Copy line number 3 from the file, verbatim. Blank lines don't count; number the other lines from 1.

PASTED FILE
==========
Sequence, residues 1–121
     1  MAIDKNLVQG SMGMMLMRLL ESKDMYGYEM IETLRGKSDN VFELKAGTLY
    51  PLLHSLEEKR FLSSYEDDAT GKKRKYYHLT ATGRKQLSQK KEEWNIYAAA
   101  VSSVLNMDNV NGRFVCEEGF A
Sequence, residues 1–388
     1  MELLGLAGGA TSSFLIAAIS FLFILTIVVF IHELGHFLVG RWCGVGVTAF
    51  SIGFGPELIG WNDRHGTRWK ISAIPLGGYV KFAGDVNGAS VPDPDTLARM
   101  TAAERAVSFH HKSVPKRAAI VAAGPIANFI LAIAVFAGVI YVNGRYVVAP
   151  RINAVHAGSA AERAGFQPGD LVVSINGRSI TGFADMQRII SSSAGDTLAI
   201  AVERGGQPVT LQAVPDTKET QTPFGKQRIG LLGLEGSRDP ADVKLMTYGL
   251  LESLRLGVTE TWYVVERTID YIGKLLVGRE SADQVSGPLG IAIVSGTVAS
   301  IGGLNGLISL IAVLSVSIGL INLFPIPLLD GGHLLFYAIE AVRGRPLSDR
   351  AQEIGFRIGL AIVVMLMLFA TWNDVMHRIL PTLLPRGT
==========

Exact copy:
    51  PLLHSLEEKR FLSSYEDDAT GKKRKYYHLT ATGRKQLSQK KEEWNIYAAA